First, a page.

Quercetin mediates preferential degradation of oncogenic Ras and causes autophagy in Ha-RAS-transformed human colon cells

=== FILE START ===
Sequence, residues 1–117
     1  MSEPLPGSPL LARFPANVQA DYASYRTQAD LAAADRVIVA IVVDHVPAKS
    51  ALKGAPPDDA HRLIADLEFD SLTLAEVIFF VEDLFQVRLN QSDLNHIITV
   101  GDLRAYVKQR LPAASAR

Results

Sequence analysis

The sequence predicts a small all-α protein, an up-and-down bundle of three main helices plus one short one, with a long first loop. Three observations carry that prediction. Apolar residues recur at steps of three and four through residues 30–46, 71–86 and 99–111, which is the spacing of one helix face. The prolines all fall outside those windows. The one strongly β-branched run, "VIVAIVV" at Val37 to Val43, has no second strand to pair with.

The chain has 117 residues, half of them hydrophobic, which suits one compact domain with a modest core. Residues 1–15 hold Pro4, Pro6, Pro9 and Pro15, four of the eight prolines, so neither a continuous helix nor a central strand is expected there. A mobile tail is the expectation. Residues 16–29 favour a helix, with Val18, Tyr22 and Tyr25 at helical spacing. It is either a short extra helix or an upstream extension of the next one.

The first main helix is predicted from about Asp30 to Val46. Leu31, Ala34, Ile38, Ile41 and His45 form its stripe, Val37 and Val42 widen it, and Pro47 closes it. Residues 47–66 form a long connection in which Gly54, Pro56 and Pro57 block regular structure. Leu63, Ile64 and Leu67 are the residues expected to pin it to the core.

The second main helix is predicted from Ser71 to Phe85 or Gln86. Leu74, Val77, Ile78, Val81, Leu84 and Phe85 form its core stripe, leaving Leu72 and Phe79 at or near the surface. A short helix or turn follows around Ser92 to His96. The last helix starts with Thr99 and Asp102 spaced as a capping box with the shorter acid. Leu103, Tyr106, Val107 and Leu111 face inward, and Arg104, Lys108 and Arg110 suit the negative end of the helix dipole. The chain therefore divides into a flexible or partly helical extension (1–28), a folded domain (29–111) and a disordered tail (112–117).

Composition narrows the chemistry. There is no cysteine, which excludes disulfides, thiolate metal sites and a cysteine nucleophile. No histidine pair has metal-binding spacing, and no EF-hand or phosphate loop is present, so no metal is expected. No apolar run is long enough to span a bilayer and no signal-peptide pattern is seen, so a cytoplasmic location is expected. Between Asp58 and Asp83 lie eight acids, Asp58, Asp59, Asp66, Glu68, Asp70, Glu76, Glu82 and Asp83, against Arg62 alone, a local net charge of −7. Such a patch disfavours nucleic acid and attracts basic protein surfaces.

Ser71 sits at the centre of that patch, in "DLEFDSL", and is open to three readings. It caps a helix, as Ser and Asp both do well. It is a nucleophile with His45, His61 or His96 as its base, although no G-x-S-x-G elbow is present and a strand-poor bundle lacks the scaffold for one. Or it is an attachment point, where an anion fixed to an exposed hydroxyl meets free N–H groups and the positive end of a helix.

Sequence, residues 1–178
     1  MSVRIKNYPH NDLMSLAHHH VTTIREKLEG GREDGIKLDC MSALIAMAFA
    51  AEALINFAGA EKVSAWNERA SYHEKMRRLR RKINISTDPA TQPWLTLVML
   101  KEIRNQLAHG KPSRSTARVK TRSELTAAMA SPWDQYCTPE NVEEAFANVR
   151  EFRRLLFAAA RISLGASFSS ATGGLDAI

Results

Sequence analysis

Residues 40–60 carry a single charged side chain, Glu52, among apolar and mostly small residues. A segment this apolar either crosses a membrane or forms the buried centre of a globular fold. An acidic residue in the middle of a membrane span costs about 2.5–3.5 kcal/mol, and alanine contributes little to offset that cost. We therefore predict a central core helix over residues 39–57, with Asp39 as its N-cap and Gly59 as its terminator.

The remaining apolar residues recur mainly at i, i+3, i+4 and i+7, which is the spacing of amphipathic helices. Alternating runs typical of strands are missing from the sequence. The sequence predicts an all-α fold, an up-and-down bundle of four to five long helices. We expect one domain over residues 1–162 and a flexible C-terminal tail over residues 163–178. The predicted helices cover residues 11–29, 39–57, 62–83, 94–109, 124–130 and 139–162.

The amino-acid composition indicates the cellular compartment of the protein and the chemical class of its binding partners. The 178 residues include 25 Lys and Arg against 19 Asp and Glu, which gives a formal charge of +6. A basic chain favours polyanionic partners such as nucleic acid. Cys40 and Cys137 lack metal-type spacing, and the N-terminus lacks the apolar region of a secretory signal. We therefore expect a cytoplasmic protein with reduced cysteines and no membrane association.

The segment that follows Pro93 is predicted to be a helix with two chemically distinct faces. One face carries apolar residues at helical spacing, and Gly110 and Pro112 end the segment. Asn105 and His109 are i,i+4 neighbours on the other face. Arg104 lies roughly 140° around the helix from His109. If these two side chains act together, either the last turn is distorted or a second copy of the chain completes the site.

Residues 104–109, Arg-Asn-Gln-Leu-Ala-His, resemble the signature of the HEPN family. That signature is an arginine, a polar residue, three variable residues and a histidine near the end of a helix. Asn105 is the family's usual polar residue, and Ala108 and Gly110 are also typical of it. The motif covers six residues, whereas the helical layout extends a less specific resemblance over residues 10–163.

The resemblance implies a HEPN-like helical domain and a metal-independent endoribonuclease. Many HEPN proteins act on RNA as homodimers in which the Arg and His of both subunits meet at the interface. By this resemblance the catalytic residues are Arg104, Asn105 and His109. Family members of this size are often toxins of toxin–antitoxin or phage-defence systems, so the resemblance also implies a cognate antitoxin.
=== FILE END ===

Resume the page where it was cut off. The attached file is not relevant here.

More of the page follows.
Several food polyphenols act as chemopreventers by reducing the incidence of many types of cancer, especially in colon epithelia. In this study, we have investigated whether the flavonoid quercetin can modulate cell proliferation and survival by targeting key molecules and/or biological processes responsible for tumor cell properties. The effect of quercetin on the expression of Ras oncoproteins was specifically studied using systems of either constitutive or conditional expression of oncogenic RAS in human epithelial cells. Our findings suggest that quercetin inhibits cell viability as well as cancer cell properties like anchorage-independent growth. These findings were further supported at the molecular level, since quercetin treatment resulted in a preferential reduction of Ras protein levels in cell lines expressing oncogenic Ras proteins. Notably, in cells that only express wild-type Ras or in those where the oncogenic Ras allele was knocked out, quercetin had no evident effects upon Ras levels. We have shown that quercetin drastically reduces half-life of oncogenic Ras but has no effect when the cells are treated with a proteasome inhibitor. Moreover, in Ha-RAS-transformed cells, quercetin induces autophagic processes. Since quercetin downregulates the levels of oncogenic Ras in cancer cells, we propose that this flavonoid could act as a chemopreventive agent for cancers with frequent mutations of RAS genes.